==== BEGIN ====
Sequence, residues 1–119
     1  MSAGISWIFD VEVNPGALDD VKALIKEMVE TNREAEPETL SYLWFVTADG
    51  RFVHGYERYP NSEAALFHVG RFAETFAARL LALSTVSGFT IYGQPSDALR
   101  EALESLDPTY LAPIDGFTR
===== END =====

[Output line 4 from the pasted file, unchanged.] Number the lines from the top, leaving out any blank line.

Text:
   101  EALESLDPTY LAPIDGFTR